Hillary Clinton won the Kentucky Democratic primary by a wide margin on Tuesday, while Barack Obama appeared to be heading for a comfortable victory in Oregon.
By Andrew Ward in Washington
With over 90 per cent of the vote counted in Kentucky, Mrs Clinton was leading her rival by 65 per cent to 30 per cent.
She told supporters at a victory rally she had no intention of retiring from the race. ”I’m going to keep making our case until we have a nominee – whoever she may be,” she insisted.
Mr Obama is almost certain to finish the night with a majority of the delegates available from the state-by-state nominating contests, bringing him a step closer to becoming the Democratic presidential nominee.
But the Illinois senator was expected to stop short of declaring outright victory over Mrs Clinton.
News organisations declared Mrs Clinton the winner in Kentucky immediately after voting finished, based on early results and exit polls that showed her with a lead of up to 30 percentage points.
Results from Oregon were not due until later on Tuesday but recent opinion polls have shown Mr Obama with a 10-point advantage.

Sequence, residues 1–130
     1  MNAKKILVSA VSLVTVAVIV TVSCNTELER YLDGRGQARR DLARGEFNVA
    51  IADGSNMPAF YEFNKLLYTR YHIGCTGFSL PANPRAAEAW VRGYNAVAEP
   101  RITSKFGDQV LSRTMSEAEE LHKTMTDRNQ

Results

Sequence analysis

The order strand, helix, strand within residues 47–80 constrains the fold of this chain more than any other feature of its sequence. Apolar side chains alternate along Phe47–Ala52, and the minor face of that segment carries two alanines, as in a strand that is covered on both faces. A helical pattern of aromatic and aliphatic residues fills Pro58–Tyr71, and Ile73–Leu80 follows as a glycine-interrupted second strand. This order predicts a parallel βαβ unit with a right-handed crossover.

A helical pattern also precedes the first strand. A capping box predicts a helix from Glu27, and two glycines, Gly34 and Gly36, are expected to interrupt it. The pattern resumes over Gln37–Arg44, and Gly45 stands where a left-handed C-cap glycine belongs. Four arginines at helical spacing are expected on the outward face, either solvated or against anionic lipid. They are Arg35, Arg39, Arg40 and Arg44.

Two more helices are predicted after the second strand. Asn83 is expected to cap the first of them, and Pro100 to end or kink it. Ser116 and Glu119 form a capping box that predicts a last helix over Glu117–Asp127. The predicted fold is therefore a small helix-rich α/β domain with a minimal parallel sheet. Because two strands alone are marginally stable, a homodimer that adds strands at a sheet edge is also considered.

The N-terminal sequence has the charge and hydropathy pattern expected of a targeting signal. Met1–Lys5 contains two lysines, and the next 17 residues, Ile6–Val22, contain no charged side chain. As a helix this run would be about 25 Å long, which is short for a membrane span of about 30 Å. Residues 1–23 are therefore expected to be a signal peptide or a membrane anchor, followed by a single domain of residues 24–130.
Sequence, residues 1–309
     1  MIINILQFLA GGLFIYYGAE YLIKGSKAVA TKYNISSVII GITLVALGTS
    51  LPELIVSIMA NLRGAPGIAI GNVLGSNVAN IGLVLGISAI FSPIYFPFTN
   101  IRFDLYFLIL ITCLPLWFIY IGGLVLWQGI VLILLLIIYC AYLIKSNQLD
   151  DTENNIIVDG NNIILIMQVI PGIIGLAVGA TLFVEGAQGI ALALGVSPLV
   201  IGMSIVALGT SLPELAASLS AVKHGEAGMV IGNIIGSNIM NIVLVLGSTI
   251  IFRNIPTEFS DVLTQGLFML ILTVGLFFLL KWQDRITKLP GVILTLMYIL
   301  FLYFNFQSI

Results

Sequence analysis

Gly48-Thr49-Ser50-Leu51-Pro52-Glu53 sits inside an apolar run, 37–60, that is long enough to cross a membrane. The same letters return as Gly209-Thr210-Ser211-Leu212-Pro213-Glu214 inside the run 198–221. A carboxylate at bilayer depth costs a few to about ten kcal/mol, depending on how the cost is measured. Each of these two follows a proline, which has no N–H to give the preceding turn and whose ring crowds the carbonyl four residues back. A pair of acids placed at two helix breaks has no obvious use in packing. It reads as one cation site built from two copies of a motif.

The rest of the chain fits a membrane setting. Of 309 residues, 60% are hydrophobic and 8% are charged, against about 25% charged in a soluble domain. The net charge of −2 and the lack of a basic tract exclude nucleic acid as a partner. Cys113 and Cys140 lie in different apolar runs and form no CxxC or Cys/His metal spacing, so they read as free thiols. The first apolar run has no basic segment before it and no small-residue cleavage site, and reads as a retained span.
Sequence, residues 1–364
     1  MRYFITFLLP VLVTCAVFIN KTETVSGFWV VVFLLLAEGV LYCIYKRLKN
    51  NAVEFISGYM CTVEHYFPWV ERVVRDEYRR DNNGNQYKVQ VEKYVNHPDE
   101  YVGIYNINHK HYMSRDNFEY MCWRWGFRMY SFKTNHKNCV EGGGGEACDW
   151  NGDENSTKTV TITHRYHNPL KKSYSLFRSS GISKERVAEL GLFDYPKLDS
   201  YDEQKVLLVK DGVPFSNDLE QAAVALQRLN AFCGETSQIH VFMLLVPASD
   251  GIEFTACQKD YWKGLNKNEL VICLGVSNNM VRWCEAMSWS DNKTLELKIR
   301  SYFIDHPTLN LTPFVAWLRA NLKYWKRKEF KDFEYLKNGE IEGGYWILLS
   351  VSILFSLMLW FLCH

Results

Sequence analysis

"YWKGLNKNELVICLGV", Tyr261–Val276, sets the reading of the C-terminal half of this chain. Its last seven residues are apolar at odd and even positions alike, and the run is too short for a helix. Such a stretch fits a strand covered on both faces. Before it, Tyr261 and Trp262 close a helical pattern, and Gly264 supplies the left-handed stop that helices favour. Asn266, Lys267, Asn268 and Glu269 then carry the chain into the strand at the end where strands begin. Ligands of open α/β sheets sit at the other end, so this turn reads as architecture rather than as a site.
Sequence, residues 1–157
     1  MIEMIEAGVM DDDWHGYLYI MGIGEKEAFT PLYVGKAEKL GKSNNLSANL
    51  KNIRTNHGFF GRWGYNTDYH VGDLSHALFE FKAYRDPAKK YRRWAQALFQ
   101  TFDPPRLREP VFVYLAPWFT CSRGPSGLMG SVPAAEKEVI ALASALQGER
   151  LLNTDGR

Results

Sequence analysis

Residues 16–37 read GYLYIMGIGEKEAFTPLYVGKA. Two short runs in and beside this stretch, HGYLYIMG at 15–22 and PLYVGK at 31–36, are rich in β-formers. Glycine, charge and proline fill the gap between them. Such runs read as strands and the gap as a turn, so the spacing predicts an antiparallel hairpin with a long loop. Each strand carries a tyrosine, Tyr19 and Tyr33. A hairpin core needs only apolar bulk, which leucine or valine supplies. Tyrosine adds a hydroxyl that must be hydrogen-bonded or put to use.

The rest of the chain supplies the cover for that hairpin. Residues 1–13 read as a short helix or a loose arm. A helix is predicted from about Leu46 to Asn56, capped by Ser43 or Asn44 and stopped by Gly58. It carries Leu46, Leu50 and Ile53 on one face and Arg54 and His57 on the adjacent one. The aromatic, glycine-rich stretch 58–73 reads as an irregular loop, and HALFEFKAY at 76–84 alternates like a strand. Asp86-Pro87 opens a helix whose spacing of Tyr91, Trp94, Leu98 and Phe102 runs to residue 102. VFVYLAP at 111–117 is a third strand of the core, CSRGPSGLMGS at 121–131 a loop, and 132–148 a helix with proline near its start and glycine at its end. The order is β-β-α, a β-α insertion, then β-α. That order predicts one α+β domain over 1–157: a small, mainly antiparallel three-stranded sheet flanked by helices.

Mr Obama needed to win just 15 of the 103 delegates up for grabs in Kentucky and Oregon to gain a majority of the 3,253 available nationwide.
Tom Daschle, co-chairman of the Obama campaign, said Mr Obama was poised to pass a “critical milestone” but said the race was not yet over.
Mr Obama has also taken the lead among the nearly 800 Democratic officials, known as “superdelegates”, whose votes look likely to decide the contest in his favour. Before Tuesday night’s results, Mr Obama was a little more than 100 short of the 2,026 delegates needed to clinch the nomination.
Mrs Clinton’s victory in Kentucky highlighted her strength among the white, working class voters who dominate that state and reinforced doubts about Mr Obama’s ability to win support among that group in the general election.
Kentucky is similar in nature to neighbouring West Virginia, where Mrs Clinton last week won the state Democratic primary by 40 percentage points.
Two thirds of Clinton supporters in Kentucky told exit pollsters they would not vote for Mr Obama in November, with 41 per cent prepared to support John McCain, the Republican presidential candidate, while 23 per cent would stay at home.
Kentucky is one of the more conservative states in the US, with only a third of voters describing themselves as liberal. Oregon, in contrast, is among the most liberal, with almost six in 10 voters identifying with that label.
Both of Tuesday’s contests were so-called “closed primaries” open only to registered Democrats. The remaining primaries take place in Puerto Rico on June 1 and South Dakota and Montana two days later.